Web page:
Valerie Baldowski

I love this, this is so true!! It should be read to all engaged couples undergoing premarital counseling, and given to all newly-married couples. It’s also good for couples who have been married awhile to re-read.

Pattie Buel

@Julie – Love it!!!

@Terry – Don’t forget that both sides are eager to please/compromise during the honeymoon period but then you start getting into the “you promised to” phase.


@julie – hilarious

I’d also add there’s an optimal amount of planning. From personal level, I know friends that spent 1.5 years planning a wedding and they changed their money 10X, overthought every small decision, and spend 100X more energy for basically the same amount of work we put in planning in 6 months. Same is true in a procurement – definitely want to plan but at a certain point there’s a diminishing amount of return in that planning time up front (spend that time more on monitoring and oversight)

Jaime Gracia

I want to be a bit of a contrarian on this one (big surprise , right?).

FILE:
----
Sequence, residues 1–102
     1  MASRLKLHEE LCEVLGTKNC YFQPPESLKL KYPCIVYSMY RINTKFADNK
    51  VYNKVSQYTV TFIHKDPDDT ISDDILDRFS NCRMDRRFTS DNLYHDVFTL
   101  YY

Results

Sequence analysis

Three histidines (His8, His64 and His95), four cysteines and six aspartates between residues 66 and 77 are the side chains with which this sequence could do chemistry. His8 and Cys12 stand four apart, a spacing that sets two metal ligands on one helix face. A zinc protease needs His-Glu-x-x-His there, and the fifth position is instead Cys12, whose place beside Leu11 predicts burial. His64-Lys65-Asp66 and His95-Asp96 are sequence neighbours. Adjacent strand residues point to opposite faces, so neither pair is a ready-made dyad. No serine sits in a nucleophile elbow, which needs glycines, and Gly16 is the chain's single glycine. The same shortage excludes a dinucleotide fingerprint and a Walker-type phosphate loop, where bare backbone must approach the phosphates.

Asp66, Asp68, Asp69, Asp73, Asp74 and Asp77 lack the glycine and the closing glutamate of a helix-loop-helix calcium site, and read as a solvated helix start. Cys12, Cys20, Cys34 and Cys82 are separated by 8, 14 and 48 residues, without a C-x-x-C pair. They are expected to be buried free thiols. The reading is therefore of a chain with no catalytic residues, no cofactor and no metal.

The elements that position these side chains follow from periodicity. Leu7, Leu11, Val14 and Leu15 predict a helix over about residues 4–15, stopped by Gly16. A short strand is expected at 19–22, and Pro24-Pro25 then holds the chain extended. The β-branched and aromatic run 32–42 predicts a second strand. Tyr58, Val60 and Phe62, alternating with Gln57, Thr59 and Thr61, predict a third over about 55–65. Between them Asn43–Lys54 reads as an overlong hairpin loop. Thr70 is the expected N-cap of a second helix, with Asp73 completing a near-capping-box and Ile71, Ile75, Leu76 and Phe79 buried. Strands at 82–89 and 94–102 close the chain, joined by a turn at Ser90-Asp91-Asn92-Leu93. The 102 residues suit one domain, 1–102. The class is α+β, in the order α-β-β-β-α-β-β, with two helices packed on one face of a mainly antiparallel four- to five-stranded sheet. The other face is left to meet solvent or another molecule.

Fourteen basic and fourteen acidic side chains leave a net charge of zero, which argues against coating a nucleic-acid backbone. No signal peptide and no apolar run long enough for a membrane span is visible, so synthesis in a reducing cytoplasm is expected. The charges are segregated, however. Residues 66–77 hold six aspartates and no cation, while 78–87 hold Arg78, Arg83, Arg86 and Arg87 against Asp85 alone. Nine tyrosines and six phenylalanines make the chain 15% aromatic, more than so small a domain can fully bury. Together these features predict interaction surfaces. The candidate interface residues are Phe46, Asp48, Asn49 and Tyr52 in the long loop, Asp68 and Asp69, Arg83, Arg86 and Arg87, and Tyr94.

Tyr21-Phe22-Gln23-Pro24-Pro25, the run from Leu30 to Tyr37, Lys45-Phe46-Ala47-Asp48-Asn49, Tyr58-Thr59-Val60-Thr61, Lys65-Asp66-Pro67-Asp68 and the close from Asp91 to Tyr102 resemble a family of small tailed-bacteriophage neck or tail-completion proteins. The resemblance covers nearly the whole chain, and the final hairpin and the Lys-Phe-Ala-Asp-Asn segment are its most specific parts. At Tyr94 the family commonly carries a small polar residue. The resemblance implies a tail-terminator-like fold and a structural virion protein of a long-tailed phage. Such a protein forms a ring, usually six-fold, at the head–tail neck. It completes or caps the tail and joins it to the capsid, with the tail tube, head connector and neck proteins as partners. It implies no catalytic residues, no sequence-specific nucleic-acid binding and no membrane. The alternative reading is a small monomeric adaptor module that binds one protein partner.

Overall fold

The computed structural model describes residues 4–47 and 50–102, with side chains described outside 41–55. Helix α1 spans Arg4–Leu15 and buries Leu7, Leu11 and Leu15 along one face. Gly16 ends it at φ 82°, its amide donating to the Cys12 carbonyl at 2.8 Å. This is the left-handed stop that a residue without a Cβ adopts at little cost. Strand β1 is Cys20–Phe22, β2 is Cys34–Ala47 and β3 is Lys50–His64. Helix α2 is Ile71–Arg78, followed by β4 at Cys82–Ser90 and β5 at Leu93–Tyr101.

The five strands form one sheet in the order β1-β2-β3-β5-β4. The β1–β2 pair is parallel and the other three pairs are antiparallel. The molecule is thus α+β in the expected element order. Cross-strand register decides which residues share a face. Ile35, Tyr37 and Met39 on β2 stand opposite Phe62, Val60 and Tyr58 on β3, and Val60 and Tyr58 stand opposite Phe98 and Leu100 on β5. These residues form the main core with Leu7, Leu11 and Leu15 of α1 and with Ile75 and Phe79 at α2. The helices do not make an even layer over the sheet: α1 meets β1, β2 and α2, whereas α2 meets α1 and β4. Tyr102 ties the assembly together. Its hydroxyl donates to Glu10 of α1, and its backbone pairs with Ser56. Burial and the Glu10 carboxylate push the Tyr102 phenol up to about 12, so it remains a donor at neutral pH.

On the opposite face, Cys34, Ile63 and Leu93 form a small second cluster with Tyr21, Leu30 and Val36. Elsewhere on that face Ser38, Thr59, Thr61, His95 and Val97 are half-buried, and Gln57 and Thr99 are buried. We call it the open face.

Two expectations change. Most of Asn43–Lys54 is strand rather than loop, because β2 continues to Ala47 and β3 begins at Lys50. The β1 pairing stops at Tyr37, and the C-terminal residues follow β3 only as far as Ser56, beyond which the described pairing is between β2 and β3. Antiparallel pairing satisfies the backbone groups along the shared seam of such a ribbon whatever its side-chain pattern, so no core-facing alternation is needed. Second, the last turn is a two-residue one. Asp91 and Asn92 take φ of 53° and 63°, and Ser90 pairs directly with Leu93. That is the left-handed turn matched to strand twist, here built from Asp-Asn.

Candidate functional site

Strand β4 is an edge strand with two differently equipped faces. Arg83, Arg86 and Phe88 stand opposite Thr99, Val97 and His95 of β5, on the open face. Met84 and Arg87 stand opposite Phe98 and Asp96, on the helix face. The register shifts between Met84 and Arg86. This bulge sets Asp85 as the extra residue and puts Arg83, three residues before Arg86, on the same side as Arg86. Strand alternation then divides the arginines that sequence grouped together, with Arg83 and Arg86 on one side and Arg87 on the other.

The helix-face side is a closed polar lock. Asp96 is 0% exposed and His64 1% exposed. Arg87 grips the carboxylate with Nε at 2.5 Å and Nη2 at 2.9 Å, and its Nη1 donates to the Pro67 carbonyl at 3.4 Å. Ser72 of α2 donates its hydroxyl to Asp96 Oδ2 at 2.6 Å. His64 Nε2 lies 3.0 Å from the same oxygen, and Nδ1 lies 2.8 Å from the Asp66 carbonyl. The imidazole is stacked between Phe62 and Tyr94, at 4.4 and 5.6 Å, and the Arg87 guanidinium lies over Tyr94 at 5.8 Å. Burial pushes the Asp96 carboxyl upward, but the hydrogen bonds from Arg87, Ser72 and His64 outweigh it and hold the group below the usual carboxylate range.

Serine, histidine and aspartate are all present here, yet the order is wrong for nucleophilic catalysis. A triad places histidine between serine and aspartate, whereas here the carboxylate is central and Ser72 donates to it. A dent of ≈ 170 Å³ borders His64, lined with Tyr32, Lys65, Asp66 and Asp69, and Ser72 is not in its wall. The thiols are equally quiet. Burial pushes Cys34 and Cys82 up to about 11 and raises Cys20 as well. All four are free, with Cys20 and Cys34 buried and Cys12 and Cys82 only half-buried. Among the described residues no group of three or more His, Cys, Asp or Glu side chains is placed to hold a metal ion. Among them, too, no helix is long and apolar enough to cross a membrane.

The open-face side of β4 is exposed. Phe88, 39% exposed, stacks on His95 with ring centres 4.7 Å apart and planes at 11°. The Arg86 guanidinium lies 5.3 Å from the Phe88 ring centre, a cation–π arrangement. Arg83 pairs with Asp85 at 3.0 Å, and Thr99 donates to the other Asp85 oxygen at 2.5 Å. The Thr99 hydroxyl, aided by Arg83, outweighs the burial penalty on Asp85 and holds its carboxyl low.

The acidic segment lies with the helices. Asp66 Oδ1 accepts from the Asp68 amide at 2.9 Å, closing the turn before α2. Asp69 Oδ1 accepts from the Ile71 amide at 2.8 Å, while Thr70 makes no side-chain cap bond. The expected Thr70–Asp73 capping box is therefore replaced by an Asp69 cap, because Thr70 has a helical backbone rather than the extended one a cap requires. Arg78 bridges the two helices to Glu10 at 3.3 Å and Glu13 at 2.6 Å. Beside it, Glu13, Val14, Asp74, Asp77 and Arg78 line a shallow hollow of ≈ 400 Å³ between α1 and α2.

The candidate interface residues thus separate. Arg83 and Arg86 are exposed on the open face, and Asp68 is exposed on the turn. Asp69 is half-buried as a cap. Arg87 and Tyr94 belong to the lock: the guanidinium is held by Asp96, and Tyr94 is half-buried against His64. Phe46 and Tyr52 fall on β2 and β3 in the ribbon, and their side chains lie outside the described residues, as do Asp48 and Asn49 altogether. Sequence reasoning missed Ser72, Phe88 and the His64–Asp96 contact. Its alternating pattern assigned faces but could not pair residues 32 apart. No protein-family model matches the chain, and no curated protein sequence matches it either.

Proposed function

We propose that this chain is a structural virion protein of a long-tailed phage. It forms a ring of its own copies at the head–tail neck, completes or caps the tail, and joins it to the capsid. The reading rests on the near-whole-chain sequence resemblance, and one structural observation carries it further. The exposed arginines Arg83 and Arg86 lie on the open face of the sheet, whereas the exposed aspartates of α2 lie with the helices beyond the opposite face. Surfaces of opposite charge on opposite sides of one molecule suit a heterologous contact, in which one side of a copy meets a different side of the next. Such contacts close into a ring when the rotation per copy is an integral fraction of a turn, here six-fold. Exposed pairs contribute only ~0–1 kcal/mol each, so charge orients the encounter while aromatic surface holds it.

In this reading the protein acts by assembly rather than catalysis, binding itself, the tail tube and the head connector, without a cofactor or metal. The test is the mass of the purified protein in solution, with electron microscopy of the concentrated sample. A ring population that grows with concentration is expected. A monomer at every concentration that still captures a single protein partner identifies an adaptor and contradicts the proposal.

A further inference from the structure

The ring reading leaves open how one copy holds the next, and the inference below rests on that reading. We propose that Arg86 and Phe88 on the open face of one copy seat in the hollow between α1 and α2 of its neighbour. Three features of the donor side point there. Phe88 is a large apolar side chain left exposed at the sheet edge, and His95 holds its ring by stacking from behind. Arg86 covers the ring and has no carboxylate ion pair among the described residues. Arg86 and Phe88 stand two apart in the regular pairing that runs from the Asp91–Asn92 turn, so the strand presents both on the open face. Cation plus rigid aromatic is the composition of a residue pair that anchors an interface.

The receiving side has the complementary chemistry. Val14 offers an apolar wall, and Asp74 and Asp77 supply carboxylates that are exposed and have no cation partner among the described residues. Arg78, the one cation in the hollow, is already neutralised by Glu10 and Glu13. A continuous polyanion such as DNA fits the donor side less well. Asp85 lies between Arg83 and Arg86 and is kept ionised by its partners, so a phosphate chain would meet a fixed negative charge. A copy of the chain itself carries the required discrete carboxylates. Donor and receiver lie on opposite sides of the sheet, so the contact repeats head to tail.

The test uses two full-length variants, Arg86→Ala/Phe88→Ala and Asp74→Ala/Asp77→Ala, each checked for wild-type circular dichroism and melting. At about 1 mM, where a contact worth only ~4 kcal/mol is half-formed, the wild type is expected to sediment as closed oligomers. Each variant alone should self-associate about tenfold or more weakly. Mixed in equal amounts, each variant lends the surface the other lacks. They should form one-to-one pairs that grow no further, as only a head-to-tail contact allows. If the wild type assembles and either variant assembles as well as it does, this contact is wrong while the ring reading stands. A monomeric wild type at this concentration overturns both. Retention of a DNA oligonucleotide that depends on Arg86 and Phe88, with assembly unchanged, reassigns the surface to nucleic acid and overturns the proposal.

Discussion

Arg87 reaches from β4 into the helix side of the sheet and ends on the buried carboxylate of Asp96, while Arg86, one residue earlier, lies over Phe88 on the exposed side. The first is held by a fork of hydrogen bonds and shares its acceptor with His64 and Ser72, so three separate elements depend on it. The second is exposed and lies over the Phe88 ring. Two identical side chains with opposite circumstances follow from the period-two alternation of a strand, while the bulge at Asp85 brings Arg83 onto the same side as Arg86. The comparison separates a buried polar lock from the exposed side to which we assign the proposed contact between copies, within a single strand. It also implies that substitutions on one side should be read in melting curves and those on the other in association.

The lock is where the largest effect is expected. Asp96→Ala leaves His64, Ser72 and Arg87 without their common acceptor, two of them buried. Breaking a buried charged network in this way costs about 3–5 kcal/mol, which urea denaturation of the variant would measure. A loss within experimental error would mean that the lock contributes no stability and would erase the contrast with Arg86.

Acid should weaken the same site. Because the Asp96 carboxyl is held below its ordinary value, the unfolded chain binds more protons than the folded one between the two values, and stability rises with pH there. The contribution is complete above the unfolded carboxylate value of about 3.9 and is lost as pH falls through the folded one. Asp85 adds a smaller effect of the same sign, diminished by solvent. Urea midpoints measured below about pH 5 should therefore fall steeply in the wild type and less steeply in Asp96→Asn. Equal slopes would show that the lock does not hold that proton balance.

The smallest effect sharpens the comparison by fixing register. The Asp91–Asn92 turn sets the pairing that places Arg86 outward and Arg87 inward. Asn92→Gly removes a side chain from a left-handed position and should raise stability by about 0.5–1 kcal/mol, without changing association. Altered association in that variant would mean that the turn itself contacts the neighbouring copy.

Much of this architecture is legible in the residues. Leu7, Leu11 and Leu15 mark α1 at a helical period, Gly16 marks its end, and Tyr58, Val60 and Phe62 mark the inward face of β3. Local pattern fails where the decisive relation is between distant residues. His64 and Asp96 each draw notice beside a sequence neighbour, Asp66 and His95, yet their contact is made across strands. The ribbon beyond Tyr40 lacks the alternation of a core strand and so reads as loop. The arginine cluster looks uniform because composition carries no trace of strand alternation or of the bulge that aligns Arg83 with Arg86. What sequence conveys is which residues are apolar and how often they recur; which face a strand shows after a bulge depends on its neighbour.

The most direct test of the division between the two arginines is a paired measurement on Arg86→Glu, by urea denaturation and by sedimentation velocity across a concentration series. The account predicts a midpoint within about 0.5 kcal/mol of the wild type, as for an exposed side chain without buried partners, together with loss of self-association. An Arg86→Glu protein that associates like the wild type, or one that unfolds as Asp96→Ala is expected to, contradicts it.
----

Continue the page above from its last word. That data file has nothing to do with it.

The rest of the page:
A wedding, and a especially a contract, should take a long time to plan, of course depending on the complexities.

However, it is the lack of acquisition planning that really hurts the outcomes. Shotgun weddings do not take much to plan. Go to Reno as you say, and done. License and everything. Saved time and money.

However, that does not work when the bride wanted her dream wedding. It should take as much planning as necessary to make it “perfect.” It is her day (marriage advice Sterling – she is always right!)

What we are finding more and more often is the lack of acquisition planning, combined with a continuous depletion of numbers and quality of the acquisition personnel. There are simply not enough qualified individuals to go around.

The outcomes continue to be troubling. “Fail to plan and plan to fail” is almost status quo, but it does not have to be. Use the tools at your disposable, take some risks, and maximize performance based contracts and the “proper” use of FFP.